5 important things that happened in design this week

A bid to increase the creative potential of London, Essex and Kent and a new brand for The Alan Turing Institute – the important design news of the last seven days.

Sadiq Khan looked to increase the creative potential of London, Essex and Kent

Mayor of London Sadiq Khan lobbied Government this week to turn the Thames Estuary, which stretches out from south west London to Essex and Kent, into a creative hub.

Khan is working with the South East Local Enterprise Partnership (SELEP) to increase the creative potential of seven London boroughs, alongside Essex and Kent. This will include building new facilities, investing in skills and providing job opportunities.

Current proposals include a facility for manufacturing large-scale artworks and sculptures in Silvertown, alongside the UK’s biggest 3D printing centre, a centre for experiential arts in Woolwich, and a new hub for digital design and gaming at the University of Essex in Colchester.

Khan has put a proposal together and submitted it to Lord Heseltine, head of the Thames Estuary 2050 Growth Commission, on the basis that “we build on the success” of London’s creative industries and “transform the Thames Estuary into a centre for creative production”, said Khan.

The Alan Turing Institute revealed its new branding

The Alan Turing Institute opened last year, and a new visual identity was launched this week which looked to make the institute stand out from other maths and data science research organisations.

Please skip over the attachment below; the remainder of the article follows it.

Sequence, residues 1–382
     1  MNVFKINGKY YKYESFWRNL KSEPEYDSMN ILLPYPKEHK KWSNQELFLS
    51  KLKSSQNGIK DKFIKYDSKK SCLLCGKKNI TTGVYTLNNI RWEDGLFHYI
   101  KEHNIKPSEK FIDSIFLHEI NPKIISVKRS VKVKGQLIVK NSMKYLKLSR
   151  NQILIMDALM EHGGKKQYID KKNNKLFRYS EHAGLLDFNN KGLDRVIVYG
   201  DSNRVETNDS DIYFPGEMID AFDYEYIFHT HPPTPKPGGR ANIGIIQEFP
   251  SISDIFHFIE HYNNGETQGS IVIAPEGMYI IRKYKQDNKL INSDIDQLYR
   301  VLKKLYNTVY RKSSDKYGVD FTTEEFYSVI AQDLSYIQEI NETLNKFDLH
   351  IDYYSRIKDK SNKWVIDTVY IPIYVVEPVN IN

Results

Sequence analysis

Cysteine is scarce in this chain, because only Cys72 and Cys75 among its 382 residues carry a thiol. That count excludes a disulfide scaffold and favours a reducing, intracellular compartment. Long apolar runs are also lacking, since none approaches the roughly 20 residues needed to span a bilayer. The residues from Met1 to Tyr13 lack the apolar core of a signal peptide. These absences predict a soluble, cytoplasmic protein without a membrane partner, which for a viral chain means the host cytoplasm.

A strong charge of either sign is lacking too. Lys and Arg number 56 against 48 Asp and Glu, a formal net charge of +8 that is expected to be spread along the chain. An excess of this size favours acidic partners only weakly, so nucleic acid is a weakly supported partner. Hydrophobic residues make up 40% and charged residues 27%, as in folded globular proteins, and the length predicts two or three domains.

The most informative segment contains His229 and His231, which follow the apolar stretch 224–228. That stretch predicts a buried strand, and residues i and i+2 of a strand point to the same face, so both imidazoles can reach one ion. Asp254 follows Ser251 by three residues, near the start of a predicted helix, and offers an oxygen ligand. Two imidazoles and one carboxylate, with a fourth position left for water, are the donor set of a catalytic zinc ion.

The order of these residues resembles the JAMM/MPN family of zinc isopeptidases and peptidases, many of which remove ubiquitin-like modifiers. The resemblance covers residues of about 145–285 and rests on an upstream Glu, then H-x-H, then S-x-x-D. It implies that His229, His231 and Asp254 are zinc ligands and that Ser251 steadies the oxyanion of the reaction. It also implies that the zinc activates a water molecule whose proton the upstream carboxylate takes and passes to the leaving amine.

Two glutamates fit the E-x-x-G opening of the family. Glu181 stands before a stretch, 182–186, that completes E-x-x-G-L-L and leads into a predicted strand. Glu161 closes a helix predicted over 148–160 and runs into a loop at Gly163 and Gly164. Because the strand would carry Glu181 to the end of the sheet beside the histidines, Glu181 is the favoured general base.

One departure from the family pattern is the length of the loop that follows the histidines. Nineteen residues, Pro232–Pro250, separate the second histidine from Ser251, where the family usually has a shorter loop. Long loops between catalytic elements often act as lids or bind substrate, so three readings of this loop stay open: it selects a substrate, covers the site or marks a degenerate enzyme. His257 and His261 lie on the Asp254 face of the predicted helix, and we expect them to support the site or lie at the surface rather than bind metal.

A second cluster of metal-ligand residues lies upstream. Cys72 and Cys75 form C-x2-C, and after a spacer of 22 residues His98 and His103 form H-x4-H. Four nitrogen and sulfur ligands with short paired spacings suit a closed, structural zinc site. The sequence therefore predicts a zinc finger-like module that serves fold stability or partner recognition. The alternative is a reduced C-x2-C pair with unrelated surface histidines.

Red&White has created the logo, which is the institution name set in a sans-serif Haas Unica typeface, spread over three lines and unaligned. This is accompanied by a series of shapes which take on a palette of 13 colours.

The eclectic shapes have more thought behind them than they first appear. They are based on the Fibonacci sequence, a mathematical theory used to explain the arrangement of natural objects such as sunflowers and pine cones. The theory relates to a series of numbers, which have been plotted in the design to create different shapes.

The branding is a subtle nod to mathematicians, while also aiming to appeal to a wider audience and stand out from the “typical, masculine” design normally associated with data science, says Red&White design director Nima Falatoori. Such features include an exclusive colour palette of blue and black, stock imagery of scientists and matrix-style shapes such as lines and circles, he said.

The new branding is currently rolling out across online platforms, marketing materials and across signage and interior design at The Alan Turing Institute’s headquarters in the British Library.

Last.fm’s website and social media platforms had a refresh

Music recommendation service Last.fm revealed a new online look this week, which uses imagery inspired by soundwaves.

Consultancy O Street has completed the redesign, with the aim of making the brand “more recognisable”, according to designer Rebecca Simpson.